In police work, there is no greater reward than saving lives.
If you could dispatch officers to a shooting scene within seconds, as opposed to minutes, and be able to direct the first responders to an exact location, how many lives could you save? How much more effective would responding officers be if they knew the exact spot the gunshots occurred, not just on the block, or the street address, but the exact physical location at that particular address, within feet?
The answer is: very effective. This article is about technology that can put responding officers at the exact location of where shots were fired and do it faster than a 9-1-1 call can. And in some cases, no 9-1-1 call is ever made so this technology becomes the only data available at all. This is actually how lives are being saved today. Let’s go inside the Richmond, CA, Police Department
, which is located in the San Francisco East Bay area, with Sergeant Dave Harris to learn about how this gunshot location system is changing the speed and accuracy of his officers’ response to shots fired.
“On May 8, we had our first remarkable event using the ShotSpotter Inc.
, (Mountain View, CA) technology,” Harris said. That day the system alerted the department that shots had been fired. “Also, we received a 9-1-1 call. In the call, the citizen reported the block where the shots were heard. That was the extent of the description. ShotSpotter showed us not only the exact address, but what portion of the yard the shots came from at that address. A dot appeared on the computer screen.”
The department dispatched the police officers directly to the place in the yard the dot appeared and they found an AK47 in the side yard. “This was remarkable because it put our officers right exactly where the shooting happened,” Harris said. “We now call this ‘dispatching to the dot.’”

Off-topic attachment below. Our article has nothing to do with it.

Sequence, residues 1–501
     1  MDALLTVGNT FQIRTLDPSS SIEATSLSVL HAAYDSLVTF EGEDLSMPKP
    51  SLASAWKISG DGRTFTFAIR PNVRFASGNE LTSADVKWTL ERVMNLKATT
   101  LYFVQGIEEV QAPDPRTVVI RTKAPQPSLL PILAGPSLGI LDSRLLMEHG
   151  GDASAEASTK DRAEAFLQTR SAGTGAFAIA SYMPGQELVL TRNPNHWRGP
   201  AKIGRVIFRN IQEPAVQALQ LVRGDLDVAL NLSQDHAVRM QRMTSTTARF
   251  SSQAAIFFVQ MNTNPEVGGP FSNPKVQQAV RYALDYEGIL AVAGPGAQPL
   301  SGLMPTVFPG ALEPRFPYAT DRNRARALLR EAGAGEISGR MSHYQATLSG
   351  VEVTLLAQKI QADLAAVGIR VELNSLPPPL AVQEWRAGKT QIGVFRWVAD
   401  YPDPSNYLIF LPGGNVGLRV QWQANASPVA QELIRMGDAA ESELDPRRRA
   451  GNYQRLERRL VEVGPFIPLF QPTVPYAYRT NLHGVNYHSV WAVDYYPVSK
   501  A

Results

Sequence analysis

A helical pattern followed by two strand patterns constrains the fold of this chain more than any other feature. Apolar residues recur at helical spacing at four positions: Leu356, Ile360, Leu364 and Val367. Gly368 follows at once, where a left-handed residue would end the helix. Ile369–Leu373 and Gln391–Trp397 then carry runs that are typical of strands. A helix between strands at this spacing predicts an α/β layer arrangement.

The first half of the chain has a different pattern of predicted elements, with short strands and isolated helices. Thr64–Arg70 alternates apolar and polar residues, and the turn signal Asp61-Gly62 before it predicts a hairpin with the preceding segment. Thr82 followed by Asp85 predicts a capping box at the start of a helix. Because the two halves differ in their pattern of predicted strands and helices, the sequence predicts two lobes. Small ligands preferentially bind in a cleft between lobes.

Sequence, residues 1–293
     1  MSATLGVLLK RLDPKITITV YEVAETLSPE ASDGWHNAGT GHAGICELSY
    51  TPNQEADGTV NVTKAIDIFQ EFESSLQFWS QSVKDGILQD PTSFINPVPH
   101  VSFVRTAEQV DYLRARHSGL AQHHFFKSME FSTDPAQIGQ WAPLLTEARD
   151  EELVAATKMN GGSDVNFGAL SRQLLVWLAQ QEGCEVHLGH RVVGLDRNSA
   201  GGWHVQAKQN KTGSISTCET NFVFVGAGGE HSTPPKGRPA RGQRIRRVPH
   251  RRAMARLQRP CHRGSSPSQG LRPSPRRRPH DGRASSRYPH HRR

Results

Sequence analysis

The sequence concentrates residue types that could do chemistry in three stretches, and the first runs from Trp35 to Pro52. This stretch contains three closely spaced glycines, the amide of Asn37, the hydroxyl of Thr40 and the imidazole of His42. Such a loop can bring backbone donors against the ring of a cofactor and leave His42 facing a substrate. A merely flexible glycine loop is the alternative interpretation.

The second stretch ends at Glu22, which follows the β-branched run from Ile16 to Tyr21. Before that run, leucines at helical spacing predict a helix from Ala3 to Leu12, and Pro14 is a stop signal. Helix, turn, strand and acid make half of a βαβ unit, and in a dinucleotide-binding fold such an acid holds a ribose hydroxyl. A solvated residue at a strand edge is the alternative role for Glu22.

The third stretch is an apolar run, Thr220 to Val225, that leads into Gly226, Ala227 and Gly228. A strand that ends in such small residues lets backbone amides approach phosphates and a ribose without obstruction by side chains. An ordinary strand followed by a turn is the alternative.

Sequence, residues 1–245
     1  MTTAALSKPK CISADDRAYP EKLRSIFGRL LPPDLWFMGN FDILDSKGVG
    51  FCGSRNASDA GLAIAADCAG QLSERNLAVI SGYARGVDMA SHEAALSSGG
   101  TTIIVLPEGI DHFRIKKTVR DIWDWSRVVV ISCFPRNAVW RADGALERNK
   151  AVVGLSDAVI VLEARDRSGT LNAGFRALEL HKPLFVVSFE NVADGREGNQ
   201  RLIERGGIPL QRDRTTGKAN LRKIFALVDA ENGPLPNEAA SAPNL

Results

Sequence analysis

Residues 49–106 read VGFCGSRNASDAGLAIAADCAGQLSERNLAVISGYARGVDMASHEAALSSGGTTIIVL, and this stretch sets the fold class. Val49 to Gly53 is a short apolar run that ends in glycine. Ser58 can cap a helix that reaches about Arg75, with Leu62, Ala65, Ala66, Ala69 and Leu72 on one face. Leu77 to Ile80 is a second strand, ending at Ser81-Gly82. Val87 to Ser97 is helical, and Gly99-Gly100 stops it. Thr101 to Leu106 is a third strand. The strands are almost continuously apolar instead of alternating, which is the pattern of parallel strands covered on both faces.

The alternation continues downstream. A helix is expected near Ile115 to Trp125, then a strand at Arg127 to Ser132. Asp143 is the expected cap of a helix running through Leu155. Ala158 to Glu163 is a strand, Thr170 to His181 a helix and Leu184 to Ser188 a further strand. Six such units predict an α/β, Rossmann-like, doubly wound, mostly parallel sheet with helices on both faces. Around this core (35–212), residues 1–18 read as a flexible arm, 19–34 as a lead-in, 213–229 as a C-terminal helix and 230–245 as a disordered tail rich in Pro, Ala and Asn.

According to its Web site, the Richmond Police Department serves a diverse community of approximately 102,000 residents over a large geographic area that includes 32 miles of shoreline, numerous residential neighborhoods, an active port, significant industrial and technology resources, major retail and business centers, and several thousand acres of park land.
Harris, who has worked as a police officer for 28 years, in a department of 200 officers, says that Richmond public safety deployed the gunshot location system at the start of May 2009, to help locate shooting victims and get them help faster than before. They hoped it would be a good system, but according to Harris it turned out to be a great system.
“In urban areas there is a high number of gunshots and citizens get a little numb to the sound of shots fired so we didn’t always get the calls,” Harris said. “Sometimes we get no 9-1-1 call but ShotSpotter will get us to the location of a shot or shots fired. Dispatchers can listen to audio on the system and they will know if multiple shots were fired.”
The Richmond Police tested the response speed themselves by firing their own weapons and then timing the system. They found that ShotSpotter responded in 5 to 7 seconds. Comparatively, the 9-1-1 calls, by experience, would be measured in minutes after the shooting event from the average citizen. Harris noted that citizens often do not want to bother the 9-1-1 center with calls when they hear what may or may not be gunshots.